Salt has many uses, it can be used for flavoring, preserving and melting. There are many different kinds of salts and the one used depends on what it is needed for.


Both rock salt and canning (or pickling) salt is inexpensive, but because rock salt is not intended to be eaten it is left unrefined and is therefore cheaper.


Rock salt is used to cause the freezing point of ice to drop which draws the heat out of ice cream causing it to freeze and the ice on roads to melt. Canning salt is used mostly as a preservative especially when pickling and to add flavor.

Compared to table salt

Rock salt is unrefined so it contains many impurities. Canning salt is refined and contains no impurities and no additives, including iodine and anti-caking ingredients that are normally found in table salt, that can cause the pickles to become dark and the liquid to get cloudy.

How the salts work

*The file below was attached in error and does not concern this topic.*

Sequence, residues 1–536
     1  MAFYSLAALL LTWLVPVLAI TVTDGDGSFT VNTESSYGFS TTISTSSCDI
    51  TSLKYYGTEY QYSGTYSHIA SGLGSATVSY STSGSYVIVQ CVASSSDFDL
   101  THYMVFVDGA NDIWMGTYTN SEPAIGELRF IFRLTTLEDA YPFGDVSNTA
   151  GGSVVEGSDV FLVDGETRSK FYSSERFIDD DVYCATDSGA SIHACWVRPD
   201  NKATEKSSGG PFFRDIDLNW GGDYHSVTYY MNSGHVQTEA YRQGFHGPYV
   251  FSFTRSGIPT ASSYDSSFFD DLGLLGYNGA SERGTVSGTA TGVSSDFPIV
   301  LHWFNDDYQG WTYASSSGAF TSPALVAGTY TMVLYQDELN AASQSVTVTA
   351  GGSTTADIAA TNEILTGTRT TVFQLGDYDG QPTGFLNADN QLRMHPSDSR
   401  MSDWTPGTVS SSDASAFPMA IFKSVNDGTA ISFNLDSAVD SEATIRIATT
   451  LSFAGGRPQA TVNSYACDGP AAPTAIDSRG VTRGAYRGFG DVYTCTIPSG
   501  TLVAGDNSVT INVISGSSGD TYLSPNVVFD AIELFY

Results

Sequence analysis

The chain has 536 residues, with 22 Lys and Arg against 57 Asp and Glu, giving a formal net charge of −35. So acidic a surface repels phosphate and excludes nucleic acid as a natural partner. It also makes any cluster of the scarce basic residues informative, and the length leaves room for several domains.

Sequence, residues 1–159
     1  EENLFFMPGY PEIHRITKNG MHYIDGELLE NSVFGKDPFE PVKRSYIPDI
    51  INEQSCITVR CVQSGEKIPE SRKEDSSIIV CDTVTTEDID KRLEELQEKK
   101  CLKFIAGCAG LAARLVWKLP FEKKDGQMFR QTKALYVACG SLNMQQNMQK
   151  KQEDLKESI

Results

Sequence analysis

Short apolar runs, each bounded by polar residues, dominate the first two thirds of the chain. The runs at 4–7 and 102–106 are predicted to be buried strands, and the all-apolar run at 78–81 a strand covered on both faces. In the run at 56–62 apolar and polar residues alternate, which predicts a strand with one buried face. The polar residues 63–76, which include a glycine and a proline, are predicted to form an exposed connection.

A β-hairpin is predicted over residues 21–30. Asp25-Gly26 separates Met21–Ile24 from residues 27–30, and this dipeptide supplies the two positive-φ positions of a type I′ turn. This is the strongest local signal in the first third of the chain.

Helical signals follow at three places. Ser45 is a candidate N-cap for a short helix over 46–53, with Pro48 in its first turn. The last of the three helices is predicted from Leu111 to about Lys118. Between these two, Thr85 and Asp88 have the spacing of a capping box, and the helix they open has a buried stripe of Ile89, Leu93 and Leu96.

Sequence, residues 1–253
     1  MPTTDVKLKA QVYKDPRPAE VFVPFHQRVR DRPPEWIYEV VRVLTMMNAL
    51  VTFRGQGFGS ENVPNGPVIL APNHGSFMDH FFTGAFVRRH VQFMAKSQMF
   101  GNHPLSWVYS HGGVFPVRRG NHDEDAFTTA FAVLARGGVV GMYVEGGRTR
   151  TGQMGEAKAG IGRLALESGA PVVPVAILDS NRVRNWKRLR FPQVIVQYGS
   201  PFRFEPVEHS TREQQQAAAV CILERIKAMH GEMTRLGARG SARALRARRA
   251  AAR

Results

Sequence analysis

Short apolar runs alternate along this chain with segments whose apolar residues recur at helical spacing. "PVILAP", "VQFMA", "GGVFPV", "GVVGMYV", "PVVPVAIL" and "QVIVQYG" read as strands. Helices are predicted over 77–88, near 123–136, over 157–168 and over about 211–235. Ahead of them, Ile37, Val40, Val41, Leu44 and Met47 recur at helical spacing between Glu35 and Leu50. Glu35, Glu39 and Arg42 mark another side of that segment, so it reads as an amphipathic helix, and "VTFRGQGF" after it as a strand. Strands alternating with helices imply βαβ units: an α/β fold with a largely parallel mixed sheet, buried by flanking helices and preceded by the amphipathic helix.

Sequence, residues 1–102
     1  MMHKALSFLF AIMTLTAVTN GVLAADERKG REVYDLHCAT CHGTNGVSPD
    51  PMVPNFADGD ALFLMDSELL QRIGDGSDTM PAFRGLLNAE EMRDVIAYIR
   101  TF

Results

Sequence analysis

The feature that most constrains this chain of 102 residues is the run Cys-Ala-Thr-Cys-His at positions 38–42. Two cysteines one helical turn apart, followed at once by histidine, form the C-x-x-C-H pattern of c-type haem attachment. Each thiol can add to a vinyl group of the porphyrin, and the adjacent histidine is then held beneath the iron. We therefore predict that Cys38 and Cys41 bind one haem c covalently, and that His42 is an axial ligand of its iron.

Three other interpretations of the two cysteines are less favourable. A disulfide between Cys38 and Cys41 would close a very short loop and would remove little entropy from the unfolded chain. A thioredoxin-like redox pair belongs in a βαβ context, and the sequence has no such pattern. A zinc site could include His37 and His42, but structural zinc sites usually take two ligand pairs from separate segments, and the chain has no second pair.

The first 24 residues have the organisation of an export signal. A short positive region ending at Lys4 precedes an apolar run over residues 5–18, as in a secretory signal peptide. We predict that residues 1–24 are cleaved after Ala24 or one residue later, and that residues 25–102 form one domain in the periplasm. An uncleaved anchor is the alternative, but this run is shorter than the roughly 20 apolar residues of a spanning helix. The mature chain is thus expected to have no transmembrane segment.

Rock salt lowers the freezing point of water which causes ice to melt drawing heat from its surroundings, which causes the ice cream to freeze. Canning salt causes the microbes and bacteria to become dehydrated thus killing them.


Both rock and canning salts can be substituted with table salt. When table salt is used in place of rock salt be careful of the amount as too much table salt can cause the ice cream to freeze to fast and become “crusty”. Table salt can be used in place of canning salt but the pickles won’t look quite as nice, as they will be darker and the liquid will be cloudy.

References and Resources

The Cook's Thesaurus